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Bilecik Province (Turkish: Bilecik ili) is a province in midwest Turkey, neighboring Bursa to the west, Kocaeli and Sakarya to the north, Bolu to the east, Eskişehir to the southeast and Kütahya to the south, spanning an area of 4,307 km2. The population is 225,381. Most of the province laid down in Marmara Region but eastern parts of Gölpazarı and Söğüt district and districts of İnhisar and Yenipazar remained in Black Sea Region, smaller southeastern parts of Bozüyük and Söğüt remained in Central Anatolia Region and smaller southwestern part of Bozüyük remained in Aegean Region.

Bilecik Province

Bilecik ili
Location of Bilecik Province in Turkey
Location of Bilecik Province in Turkey
CountryTurkey
RegionEast Marmara
SubregionBursa
Government
 • Electoral districtBilecik
Area
 • Total4,307 km2 (1,663 sq mi)
Population
 (2018)[1]
 • Total223,448
 • Density52/km2 (130/sq mi)
Area code(s)0228
Vehicle registration11

Contents

DistrictsEdit

Bilecik province is divided into 8 districts (capital district in bold):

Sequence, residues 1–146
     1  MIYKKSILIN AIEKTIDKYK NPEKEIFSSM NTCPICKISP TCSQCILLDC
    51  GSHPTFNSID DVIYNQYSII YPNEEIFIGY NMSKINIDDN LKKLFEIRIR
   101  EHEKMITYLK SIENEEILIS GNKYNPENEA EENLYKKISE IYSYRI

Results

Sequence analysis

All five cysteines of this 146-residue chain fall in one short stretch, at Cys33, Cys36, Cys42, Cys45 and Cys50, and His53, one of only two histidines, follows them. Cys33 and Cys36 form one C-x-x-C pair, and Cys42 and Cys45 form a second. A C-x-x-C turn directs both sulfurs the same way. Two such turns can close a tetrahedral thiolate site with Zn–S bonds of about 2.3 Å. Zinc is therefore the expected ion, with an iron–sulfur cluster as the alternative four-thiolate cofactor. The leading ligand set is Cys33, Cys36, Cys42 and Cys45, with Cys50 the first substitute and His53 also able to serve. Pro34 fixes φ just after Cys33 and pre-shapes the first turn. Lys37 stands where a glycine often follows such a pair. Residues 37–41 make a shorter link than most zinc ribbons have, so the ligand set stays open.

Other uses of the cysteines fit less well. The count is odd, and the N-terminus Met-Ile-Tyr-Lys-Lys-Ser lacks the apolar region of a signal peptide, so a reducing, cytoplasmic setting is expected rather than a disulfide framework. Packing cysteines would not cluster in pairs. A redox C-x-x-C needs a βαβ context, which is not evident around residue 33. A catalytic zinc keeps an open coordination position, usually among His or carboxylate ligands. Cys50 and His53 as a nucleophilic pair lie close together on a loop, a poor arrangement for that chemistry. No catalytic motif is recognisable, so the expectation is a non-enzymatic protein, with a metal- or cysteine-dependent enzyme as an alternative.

HistoryEdit

The region was inhabited as early as 3000 BC, and was part of the territory controlled by such notable civilizations as the Hittites (1400–1200 BC), the Phrygians (1200–676 BC), Lydians (595–546 BC), Persians (546–334 BC), Romans (74–395 AD) and Byzantians (395 AD to late 13th century, with two brief occupations by Ummayads in between).

The region also contains Söğüt, the small town where the Ottoman Empire was founded in 1299, and is the source of important archeological as well as cultural artifacts.

Sites of interestEdit

In Söğüt a site of interest is the Ethnographical Museum.

The town Bilecik is famous for its numerous restored Turkish houses.

Some other sites of interest in the province are: Osman Gazi and Orhan Gazi mosques, Seyh Edebali and Mal Hatun mausoleums, Köprülü Mehmet Pasha mosque, Köprülü Caravanserai, Kaplikaya tombs, Rüstem Pasha mosque, and Gülalan Pavilion.

GalleryEdit

See alsoEdit

ReferencesEdit

  1. ^ "Population of provinces by years - 2000-2018". Turkish Statistical Institute. Retrieved 9 March 2019.

External linksEdit